The CSI games have been presented in 3D since 2006; this was a nice improvement on the 2D titles, but little appears to have been done to develop them since then. The scenery is good but not great, and the characters are excessively flattering renditions of the actors they represent (Nick Stokes seems remarkable young, while Catherine Willows is even thinner than she is on TV). The flattery I can live with, but the lack of textural detail and stiff, blocky animation of the characters is disappointing (cut scenes are particularly awkward) and makes them feel like they are full-paid up inhabitants of the uncanny valley. There is also some poor rendering of objects that varies between laughable and annoying - especially so when you need to process an object as a key piece of evidence and it looks like it has been animated by a YTS trainee. Sound, on the other hand, is actually pretty good. The music is authentically reminiscent of the show, and all the featured characters are voiced professionally by the CSI cast, with well-delivered and clearly audible dialogue that helps create the image that you have an interactive CSI episode.
**Deadly or Deadly Boring? **
Having completed the game, I have noticed that there is evidence that it might have been rushed out into the shops before it was truly ready for release. For starters, I experienced some trouble installing the game on my PC. When I did eventually manage this and played the opening case for the first time, I soon reached a point where I was stuck and there seemed no logical way forward. The in-game hint system was suggesting this was because I hadn't processed a key piece of evidence - trouble was, I didn't have said evidence to process. After a frustrating search through the level revealed nothing further, I consulted the ever-reliable gamefaqs.com to find out where I was going wrong. The answer, it seemed, was that I should have been given this piece of evidence by the medical examiner when I was interviewing him post-autopsy. Having concluded the interview, I had received nothing - but now I knew where the evidence I needed to progress the case was lurking, I returned to the game and went through all the prompts the game allowed me when talking to him. Nothing. For whatever reason (perhaps because I was skipping through the slow dialogue by reading the subtitles?), the action that supplied the evidence failed to trigger. Unfortunately the assiduous autosave function prevented me from returning to a point before this error occurred, so the only solution was to play through the case again, which was somewhat annoying.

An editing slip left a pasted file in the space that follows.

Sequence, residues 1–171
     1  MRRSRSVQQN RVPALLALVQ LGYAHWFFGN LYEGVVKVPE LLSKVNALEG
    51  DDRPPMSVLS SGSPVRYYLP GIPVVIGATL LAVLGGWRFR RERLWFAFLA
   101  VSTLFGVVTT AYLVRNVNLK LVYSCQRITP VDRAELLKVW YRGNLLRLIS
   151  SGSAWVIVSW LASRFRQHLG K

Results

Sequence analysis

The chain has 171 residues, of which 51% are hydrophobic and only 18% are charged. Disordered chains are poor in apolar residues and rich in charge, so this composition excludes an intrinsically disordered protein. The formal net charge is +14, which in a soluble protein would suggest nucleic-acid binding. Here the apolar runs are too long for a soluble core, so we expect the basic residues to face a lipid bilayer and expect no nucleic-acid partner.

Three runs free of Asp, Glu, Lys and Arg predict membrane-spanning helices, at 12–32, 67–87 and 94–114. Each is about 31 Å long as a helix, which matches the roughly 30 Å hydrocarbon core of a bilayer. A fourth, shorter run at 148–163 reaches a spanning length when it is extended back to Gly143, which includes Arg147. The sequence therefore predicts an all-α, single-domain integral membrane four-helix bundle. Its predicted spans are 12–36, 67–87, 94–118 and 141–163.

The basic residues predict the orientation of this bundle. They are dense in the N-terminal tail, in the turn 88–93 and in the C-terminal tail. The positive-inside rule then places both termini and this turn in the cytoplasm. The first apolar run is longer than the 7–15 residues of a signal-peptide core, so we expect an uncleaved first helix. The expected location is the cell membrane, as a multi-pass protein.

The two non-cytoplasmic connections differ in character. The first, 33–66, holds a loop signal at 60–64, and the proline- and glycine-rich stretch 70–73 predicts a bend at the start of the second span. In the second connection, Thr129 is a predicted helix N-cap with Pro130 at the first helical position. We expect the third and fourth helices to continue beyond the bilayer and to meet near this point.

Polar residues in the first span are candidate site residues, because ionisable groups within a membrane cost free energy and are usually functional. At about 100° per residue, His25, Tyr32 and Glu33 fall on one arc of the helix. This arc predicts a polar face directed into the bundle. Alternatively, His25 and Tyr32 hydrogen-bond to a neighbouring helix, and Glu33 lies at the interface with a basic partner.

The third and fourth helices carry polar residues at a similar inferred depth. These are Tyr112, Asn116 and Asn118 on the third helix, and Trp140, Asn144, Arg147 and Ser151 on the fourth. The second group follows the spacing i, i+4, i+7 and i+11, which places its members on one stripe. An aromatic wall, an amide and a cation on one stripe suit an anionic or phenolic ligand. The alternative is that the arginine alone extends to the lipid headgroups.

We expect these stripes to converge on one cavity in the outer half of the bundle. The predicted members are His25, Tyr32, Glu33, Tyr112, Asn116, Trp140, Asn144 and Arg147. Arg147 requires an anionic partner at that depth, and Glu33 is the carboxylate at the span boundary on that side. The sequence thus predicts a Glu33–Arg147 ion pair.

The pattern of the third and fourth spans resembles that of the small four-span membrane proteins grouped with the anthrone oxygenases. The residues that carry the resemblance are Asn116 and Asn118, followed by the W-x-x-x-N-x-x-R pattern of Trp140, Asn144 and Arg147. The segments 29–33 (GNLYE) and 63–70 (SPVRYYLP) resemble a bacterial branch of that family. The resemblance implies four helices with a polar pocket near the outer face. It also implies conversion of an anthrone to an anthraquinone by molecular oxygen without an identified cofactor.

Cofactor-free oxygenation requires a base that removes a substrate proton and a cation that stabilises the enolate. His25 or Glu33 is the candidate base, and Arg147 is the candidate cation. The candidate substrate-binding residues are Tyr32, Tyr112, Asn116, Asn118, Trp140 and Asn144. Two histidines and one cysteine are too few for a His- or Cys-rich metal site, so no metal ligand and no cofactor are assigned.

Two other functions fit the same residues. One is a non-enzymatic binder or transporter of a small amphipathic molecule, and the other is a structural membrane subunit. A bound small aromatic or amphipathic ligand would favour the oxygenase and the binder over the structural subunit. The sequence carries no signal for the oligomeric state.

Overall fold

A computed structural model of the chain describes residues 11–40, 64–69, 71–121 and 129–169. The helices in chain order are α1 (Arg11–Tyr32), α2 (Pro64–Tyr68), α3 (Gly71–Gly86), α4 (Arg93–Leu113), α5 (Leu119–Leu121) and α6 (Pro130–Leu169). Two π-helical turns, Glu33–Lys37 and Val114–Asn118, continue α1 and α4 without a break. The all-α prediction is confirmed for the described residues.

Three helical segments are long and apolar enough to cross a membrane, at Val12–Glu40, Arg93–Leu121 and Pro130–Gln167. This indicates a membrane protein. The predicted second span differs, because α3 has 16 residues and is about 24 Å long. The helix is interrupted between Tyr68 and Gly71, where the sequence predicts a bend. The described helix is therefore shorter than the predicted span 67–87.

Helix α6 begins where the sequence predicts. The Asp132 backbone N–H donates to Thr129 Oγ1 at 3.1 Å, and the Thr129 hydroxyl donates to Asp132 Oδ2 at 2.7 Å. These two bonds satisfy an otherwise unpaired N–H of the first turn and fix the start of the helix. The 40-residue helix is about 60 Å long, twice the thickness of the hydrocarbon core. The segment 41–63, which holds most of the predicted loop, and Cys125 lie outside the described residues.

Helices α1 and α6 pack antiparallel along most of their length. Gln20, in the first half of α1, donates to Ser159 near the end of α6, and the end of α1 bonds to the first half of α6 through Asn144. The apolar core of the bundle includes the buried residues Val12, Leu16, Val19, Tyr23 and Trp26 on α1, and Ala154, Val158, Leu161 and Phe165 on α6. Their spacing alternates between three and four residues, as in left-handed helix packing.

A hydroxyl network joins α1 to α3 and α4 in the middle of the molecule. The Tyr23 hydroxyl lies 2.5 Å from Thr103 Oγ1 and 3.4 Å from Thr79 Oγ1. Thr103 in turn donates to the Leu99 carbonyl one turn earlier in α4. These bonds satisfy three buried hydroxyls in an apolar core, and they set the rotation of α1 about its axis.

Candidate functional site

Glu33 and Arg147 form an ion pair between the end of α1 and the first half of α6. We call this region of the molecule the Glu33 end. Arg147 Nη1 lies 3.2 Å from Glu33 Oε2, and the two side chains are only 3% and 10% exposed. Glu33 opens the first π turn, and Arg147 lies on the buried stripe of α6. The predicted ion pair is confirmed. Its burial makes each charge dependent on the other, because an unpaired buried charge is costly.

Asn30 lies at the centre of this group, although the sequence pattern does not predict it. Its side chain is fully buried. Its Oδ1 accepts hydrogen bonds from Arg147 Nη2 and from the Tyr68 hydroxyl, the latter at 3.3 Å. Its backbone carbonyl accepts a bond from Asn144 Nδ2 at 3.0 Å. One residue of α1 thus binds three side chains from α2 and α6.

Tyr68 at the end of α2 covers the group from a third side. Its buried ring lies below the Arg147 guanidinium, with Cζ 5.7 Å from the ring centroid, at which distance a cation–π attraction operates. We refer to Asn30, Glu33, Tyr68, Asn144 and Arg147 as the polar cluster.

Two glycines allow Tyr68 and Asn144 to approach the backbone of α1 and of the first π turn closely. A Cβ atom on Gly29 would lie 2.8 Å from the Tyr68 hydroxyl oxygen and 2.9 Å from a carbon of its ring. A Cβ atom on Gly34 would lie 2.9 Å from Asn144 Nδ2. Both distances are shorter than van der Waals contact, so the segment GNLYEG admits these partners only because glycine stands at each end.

The second time I played this case I was careful not to skip any dialogue that might trigger the release of evidence, and this time duly got my missing item in the morgue. Later on in the level, however, I got stuck again. Following the same tactics as the previous time, I discovered that the problem this time was that I was supposed to collect three fingerprints from an object - but the game had stopped me using my forensic toolkit after I had revealed just two of them. Try as I might, I couldn't get the game to let me to use my toolkit any further on the object in question...so once again I had to restart the level. This time, it felt very annoying! The third time the game did work all the way through to the end of the first case, but I was very careful not to try and make the game work any faster than it wanted to - clearly by skipping dialogue and cut-scenes glitches can occur. With the game this buggy, I'm afraid you just have to be prepared to tolerate the slow bits when you play it.